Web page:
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SB-238 Worker status: factors for determination of employee status.(2019-2020)

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Date Published: 03/28/2019 09:00 PM
SB238:v98#DOCUMENT

Amended  IN  Senate  March 28, 2019

CALIFORNIA LEGISLATURE— 2019–2020 REGULAR SESSION

Senate Bill
No. 238


Introduced by Senator Grove
(Coauthors: Senators Bates, Borgeas, Chang, Jones, Moorlach, Morrell, Nielsen, Stone, and Wilk)

February 11, 2019


An act to amend Section 2750.5 of add Section 2750.2 to the Labor Code, relating to employment.


LEGISLATIVE COUNSEL'S DIGEST


SB 238, as amended, Grove. Employment relations. Worker status: factors for determination of employee status.
Existing law, as established in the case of Dynamex Operations W. v. Superior Court (2018) 4 Cal.5th 903 (Dynamex), creates a presumption that a worker who performs services for a hirer is an employee. Existing law requires a 3-part test, commonly known as the “ABC” test, to establish that a worker is an independent contractor for purposes of claims for wages and benefits arising under wage orders issued by the Industrial Welfare Commission.
This bill would instead, for purposes of claims for wages and benefits arising under wage orders, analyze whether the worker is economically dependent upon the hiring entity to determine whether that worker is an employee based upon the economic reality of the relationship with the hiring entity. The bill would require this analysis to be based solely upon enumerated factors that are similar to those used as a part of the Economic Realities Test in the federal Fair Labor Standards Act of 1938. This bill would provide legislative findings and declarations in support of these provisions, and would state in the findings and declarations that it is the intent of the Legislature that the test under these provisions be applied retroactively to claims filed on and after April 30, 2018.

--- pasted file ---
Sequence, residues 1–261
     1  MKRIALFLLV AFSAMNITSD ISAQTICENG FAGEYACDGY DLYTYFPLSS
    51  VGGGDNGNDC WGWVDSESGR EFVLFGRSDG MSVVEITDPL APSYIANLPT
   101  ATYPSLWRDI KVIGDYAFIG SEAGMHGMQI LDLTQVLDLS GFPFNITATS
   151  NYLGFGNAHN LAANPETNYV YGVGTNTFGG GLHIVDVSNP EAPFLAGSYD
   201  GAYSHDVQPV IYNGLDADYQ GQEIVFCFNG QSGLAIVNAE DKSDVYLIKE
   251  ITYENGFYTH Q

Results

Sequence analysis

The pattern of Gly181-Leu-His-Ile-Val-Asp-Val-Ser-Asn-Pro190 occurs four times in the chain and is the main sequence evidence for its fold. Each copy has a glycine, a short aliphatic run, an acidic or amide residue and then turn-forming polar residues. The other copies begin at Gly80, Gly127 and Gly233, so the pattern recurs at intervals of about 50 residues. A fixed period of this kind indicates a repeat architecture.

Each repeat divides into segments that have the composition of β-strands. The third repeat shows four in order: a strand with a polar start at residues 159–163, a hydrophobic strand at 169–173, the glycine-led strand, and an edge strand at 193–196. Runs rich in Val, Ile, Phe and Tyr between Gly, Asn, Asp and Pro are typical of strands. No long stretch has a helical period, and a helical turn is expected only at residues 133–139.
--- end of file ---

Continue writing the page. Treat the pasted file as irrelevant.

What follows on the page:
Existing law provides a rebuttable presumption affecting the burden of proof that a worker performing services for which a license is required under the Contractors’ State License Law, or performing services for a person who is required to obtain that license, is an employee, rather than an independent contractor, and specifies factors to establish proof of independent contractor status.

This bill would make nonsubstantive changes to these provisions.

Vote: MAJORITY   Appropriation: NO   Fiscal Committee: NOYES   Local Program: NO  

The people of the State of California do enact as follows:


SECTION 1.

 The Legislature finds and declares all of the following:
(a) On April 30, 2018, the California Supreme Court issued a landmark decision in Dynamex Operations W. v. Superior Court, (2018) 4 Cal.5th 903 by overturning 29 years of precedence established in S. G. Borello & Sons, Inc. v. Department of Industrial Relations (1989) 48 Cal.3d 341.
(b) The decision replaces the multifactor test for determining employment status from the Borello case with the ABC test, a one-size-fits-all and far more restrictive test consisting of just three factors, of which all must be met in order for an individual to be classified as an independent contractor.
(c) The decision puts the livelihood of nearly 2,000,000 Californians who choose to work as independent contractors at risk.
(d) The decision eliminates the choice that more and more Californians are making for their work and quality of life.
(e) The decision moves the state backwards and does not accurately reflect today’s realities, including the changing demands of the modern workplace.
(f) Prior to this decision, the ABC test never existed in California law or regulation.
(g) Such a momentous policy change should not be made by judicial fiat; instead, it should be made by the Legislature.
(h) The federal Fair Labor Standards Act 1938 (FLSA) provides a good model for determining employment status, as it is flexible enough to reflect today’s realities and modern workplace demands while also protecting the rights of workers.
(i) Conforming California’s law for determining employment status to the FLSA will also simplify compliance for employers and workers who will no longer have to navigate two different sets of rules.